Thursday, January 23, 2014

Walking a Fine Line

"I wanted simultaneously to understand Hanna's crime and to condemn it. But it was too terrible for that. When I tried to understand it, I had the feeling I was failing to condemn it as it must be condemned. When I condemned it as it must be condemned, there was no room for understanding. But even as I wanted to understand Hanna, failing to understand her meant betraying her all over again. I could not resolve this. I wanted to pose myself both tasks—understanding and condemnation. But it was impossible to do both." 
(Schlink 157)

Reading The Reader makes me very uncomfortable. On the one hand, we cannot simply ignore and forgive the atrocities of the holocaust, the genocide, the truly horrific crimes against humanity that happened during World War II. What if that was my family that had been sent to a concentration camp? My grandmother as test subject? My uncle as a bag of skin and bones brutally whipped? My cousin made in a candle? Unforgivable. Unthinkable. That a fellow human being is capable morally and emotionally of inflicting this pain and suffering on another person is incomprehensible. That a whole country allowed this to happen is unforgivable.

On the other hand, what about the context? Putting ourselves into that time period, experiencing the pressures of the government, the military, the brainwashing, the propaganda, the fear, we can see how an atrocity like the Holocaust became a reality, became possible.

And herein lies my moral dilemma, the same moral quandary that boxes Michael in:

When I try to understand "Hanna" (or WWII Germany) I feel like I am committing a crime against humanity—because I am failing to condemn the atrocities in a way that the atrocities demand to be condemned. How CAN I forget the human fat candles? The human skin lampshades? By "understanding" the German perspective, I am necessarily, automatically, positioning myself against the victims of the Holocaust. There can be no "buts" or "howevers." A crime such as the holocaust SHOULD have no mitigating circumstance.

But like Michael says, when I condemn it as it MUST be condemned, then I am unable to "understand" Germany, unable to recognize the complex situation that existed during WWII. Without "understanding" then we only have wounds and no healing.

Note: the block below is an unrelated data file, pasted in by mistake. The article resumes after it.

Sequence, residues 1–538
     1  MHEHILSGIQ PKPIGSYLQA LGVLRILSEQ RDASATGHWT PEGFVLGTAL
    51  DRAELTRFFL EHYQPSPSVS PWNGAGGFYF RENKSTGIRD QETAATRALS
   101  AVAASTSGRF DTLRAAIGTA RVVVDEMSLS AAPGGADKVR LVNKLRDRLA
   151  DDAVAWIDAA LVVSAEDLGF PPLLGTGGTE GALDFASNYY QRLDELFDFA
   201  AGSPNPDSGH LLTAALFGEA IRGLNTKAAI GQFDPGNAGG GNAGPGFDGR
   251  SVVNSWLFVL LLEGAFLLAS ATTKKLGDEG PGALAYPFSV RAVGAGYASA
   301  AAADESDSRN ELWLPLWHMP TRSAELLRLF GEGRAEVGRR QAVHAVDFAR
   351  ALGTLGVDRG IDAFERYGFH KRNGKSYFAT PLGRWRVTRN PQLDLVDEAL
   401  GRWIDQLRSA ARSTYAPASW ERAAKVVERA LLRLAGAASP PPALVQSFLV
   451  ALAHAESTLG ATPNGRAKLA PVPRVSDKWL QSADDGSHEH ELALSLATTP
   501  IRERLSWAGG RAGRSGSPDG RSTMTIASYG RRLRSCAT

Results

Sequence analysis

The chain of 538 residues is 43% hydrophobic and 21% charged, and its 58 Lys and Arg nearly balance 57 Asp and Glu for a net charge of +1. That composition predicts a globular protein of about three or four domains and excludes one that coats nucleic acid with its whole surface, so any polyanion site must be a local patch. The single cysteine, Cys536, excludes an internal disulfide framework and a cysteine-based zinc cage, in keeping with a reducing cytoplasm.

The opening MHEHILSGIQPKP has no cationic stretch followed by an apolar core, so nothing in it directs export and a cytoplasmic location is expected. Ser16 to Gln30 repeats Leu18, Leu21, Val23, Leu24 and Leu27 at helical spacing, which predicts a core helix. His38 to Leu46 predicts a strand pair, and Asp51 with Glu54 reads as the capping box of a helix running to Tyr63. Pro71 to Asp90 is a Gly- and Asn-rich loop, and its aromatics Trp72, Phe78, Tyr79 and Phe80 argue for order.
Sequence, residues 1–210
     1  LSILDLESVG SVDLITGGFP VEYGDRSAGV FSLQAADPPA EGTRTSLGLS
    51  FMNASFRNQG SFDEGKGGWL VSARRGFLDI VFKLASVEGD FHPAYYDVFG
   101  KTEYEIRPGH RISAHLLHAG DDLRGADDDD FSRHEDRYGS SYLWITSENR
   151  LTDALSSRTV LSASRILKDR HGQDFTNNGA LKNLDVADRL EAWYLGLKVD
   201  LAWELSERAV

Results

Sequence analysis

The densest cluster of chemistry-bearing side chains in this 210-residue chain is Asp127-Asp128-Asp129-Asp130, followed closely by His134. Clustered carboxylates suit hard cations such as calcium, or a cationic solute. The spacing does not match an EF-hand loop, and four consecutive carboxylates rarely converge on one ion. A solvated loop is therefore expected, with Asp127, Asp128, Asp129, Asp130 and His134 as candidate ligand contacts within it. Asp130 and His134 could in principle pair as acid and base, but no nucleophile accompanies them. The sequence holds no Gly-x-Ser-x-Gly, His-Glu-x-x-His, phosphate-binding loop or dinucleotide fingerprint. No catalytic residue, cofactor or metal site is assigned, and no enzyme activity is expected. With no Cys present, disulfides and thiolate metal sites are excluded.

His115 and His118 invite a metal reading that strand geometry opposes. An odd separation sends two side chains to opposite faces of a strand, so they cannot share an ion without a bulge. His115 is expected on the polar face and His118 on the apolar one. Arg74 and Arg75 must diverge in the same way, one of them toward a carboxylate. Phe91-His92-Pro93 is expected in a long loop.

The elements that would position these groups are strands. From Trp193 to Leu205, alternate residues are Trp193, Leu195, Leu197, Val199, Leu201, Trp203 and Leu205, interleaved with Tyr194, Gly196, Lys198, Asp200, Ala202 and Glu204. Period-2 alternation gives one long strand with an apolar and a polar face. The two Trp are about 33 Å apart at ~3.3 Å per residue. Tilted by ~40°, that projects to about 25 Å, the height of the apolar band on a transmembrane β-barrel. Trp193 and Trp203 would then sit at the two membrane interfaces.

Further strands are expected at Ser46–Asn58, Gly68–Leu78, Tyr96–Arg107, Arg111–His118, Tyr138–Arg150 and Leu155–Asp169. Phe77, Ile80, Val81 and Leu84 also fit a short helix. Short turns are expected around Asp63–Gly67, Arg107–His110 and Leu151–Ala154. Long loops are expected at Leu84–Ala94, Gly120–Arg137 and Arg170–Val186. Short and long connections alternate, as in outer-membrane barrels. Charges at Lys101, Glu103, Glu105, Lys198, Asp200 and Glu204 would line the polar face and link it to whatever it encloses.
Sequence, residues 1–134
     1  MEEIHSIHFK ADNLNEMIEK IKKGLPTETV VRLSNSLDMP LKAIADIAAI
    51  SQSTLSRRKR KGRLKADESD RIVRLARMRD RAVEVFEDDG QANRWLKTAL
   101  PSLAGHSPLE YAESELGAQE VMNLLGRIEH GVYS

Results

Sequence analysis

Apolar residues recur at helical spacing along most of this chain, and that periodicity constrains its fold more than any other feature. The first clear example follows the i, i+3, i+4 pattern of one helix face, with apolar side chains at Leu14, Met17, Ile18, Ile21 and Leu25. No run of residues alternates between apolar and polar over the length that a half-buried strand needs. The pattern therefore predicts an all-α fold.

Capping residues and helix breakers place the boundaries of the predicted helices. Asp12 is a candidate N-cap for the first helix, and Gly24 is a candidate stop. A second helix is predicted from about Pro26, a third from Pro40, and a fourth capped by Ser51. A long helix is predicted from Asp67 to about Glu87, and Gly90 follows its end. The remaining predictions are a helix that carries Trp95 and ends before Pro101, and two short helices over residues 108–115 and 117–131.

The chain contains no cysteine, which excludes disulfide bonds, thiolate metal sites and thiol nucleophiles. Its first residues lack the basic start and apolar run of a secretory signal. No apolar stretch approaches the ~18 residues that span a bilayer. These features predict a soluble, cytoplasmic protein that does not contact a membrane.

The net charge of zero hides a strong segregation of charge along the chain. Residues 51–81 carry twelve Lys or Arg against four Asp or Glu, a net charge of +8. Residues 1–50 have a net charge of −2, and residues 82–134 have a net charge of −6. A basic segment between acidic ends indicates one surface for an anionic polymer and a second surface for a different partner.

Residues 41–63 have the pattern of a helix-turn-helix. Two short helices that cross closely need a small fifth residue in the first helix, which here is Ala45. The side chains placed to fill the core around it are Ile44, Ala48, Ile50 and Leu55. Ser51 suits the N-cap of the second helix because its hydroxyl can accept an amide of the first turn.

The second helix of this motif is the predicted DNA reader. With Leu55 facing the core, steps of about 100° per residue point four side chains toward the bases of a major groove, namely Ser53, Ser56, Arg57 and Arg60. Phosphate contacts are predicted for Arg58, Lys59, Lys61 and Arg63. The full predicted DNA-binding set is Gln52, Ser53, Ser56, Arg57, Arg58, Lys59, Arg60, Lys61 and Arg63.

So here we are, Michael and I, floating in an impossible space, plagued by guilt because we cannot simultaneously condemn as we should condemn and understand as we might be able to understand.

Tuesday, January 21, 2014

Justice, Law, Order, and Morality

One of my favorite TV shows is Law and Order—the police procedural segment is interesting, but what truly hooks me is the trial segment, when the characters have to confront ethical issues of justice and law.  

Are law and justice the same thing? Clearly, in Part II we see some miscarriages of justice: the other defendants using Hanna as a scapegoat; the treatment of the trial as a "game" with rules; Hanna's inability to read the deposition and the pieces of evidence presented against her. And yet, these all fall within what is allowed by the Law. Does the Law, then, truly serve Justice?

What is true Justice? Is Justice related to Morality? If we use Kantian ethics to define Justice: would allowing a known murderer walk free because the witness lied be Moral? That seems to me a miscarriage of Justice.

And what is the purview of philosophy in Justice and Law anyway? When Hanna asked the judge what he would have done, the judge's answer was philosophical, was very Kantian. There are certain things that one just doesn't do, he says. And everyone is disappointed with this answer. Especially Hanna. She doesn't want to know what Philosophy has to say about her actions. It's too abstract, too distant, too divorced from her reality. She wants to know what she should have done in that exact moment, with the church on fire, her orders, her sense of duty (warped as it may have been), her surroundings, and her context.

Does the context of WWII make Hanna free from the guilt of listening to and watching the women burn to death and not freeing them? No. And yet, I know my answer to this question renders me somewhat of a hypocrite, because who knows how I would have acted in that situation. Is that why the judge is always so irritated by Hanna? Is it because he knows that in judging Hanna he is also judging himself and what he might have done?

Who are we to judge? Are we not just as fallible and mortal as Hanna?

And yet, some Justice MUST be served. Because the Holocaust was an atrocity on a scale that exceeds all our human comprehension, an atrocity that exposes the horrifying darkness of humanity, an atrocity that allowed human beings to be treated as objects, test animals, mere things.

But this justice that is meted, is it true Justice?

Monday, January 13, 2014


I remember the first time I read Chapters 10 and 11 of The Reader.  I was horrified by Hanna's actions—the violence of the belt stands out like a bloodless wound in my memory. Yet, I'm uncomfortably aware that I, to some degree, recognize and understand Hanna's reactions.  In Meghan's post, she astutely attributes Hanna's actions and responses to her insecurities. I agree. From personal experience, Hanna's actions seem like they come from a place of self-hatred. Michael says that he "had the feeling that she hurt herself when she turned cold and rigid" (49). To me, this points to Hanna's inability to face up to whatever guilt or shame or self-hatred that is buried within herself. To deal with it, she alienates Michael, making him the aggressor and turning herself into the victim. Many students see Hanna as a confident, dominant woman; I see the opposite: Hanna is a woman out of control who only has the appearance of being in control. When someone's self-hatred has nowhere else to go, it turns on those who love that person. By alienating the one person who cares about her, Hanna might be performing a twisted sort of self-flagellation (self-punishment). Perhaps Hanna feels that she does not deserve Michael's love (pushing him away, turning "cold and hard") (49); at the same time, however, she yearns for the unconditional love that Michael offers—it's something that she may never have experienced before.